Genetic and acquired cardiomyopathies are significant causes of morbidity and mortality. Despite years of research, few disease-modifying therapies are available. To enable development of new therapies, we model cardiac diseases with human induced pluripotent stem cell (hiPSC)-derived cardiomyocytes. Ongoing projects are focused on modeling both heritable and acquired myocardial diseases, and include studies of a pathogenic variant of MYH7. By elucidating disease mechanisms in human cells, we hope to better translate our discoveries into therapies.
Goals and Approaches
We aim to better understand the molecular basis of genetic and acquired cardiomyopathies in order to develop novel therapies. Our approaches include:
- Modeling of genetic and acquired cardiac diseases by using patient-specific hiPSC-derived cardiomyocytes
- Use of gene-editing technologies to generate isogenic hiPSCs with clinically important pathogenic variants
- Phenotyping of hiPSC-CMs with high-throughput functional assays
High-throughput characterization of variants of unknown significance
Variants of unknown significance (VUS) present a challenge for clinical geneticists and patients. Discovery of a VUS in a patient with myocardial disease can have an emotional impact on patients and family members and often leads to further testing of significant cost and uncertain value. Pathogenic variants in the myosin heavy chain 7 gene (MYH7) are among the most common causes of genetic cardiomyopathies; however, numerous MYH7 variants are classified as VUS. We combine gene-editing techniques with high-throughput functional assays, with an ultimate goal of classifying all MYH7 VUS as pathogenic or not. Patients with pathogenic variants will merit further surveillance and treatment whereas patients with benign variants can be reassured.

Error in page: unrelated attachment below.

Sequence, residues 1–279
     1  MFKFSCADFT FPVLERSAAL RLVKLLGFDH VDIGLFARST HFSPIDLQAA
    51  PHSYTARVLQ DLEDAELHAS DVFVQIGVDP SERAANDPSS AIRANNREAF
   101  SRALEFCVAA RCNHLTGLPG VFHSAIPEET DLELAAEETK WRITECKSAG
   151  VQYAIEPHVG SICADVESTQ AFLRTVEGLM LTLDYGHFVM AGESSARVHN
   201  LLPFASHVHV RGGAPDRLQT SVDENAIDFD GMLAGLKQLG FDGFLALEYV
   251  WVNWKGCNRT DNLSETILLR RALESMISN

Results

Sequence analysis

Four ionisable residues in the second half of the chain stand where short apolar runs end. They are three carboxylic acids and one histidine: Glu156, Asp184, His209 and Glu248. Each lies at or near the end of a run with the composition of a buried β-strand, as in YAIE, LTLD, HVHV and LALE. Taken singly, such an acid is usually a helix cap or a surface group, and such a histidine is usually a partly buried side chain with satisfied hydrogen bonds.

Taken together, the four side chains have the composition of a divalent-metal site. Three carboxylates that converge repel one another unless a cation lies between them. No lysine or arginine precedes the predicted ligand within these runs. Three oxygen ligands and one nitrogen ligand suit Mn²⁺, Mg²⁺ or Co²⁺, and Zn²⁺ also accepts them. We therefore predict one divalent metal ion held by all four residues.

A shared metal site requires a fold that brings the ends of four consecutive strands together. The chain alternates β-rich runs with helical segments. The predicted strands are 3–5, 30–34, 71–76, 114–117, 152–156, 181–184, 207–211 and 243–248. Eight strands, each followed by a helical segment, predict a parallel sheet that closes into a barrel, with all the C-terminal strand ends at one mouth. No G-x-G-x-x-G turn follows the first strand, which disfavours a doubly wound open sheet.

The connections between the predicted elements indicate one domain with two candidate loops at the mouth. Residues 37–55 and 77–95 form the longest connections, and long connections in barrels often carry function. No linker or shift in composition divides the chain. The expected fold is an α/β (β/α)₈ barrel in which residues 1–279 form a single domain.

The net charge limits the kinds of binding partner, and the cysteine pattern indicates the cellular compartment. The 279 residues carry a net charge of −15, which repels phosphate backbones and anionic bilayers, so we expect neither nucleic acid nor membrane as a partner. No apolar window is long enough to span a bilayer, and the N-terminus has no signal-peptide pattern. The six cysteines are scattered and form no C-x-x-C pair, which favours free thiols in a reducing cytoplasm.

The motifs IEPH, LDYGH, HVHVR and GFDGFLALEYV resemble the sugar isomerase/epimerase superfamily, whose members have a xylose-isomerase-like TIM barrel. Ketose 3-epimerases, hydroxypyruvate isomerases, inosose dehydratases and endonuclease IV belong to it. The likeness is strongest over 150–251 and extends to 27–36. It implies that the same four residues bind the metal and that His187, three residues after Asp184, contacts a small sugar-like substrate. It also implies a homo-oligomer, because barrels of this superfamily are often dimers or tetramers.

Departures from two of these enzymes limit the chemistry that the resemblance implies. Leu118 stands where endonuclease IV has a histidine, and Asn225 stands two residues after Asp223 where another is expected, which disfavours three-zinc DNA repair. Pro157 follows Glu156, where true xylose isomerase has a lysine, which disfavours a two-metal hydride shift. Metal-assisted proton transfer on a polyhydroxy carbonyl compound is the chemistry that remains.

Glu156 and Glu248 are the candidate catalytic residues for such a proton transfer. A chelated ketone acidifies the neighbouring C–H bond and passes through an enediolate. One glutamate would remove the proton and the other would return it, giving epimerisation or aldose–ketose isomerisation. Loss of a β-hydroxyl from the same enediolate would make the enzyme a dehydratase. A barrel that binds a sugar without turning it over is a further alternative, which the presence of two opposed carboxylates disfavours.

Mechanistic studies in human iPSC-derived cardiomyocytes
Because sarcomeric mutations can lead to the accumulation of toxic myocardial proteins known as “poison peptides,” we are interested in defining cellular pathways that regulate clearance of sarcomeric proteins. Our long-term goal is to apply this knowledge to develop drug therapy that would accelerate poison-peptide clearance, improve cardiomyocyte function, and prevent disease caused by pathogenic sarcomeric variants. We developed new confocal microscopy techniques and are applying these techniques to measure sarcomeric protein dynamics. We also determine whether cardiomyocyte function is impacted by experimental manipulations that alter protein clearance pathways.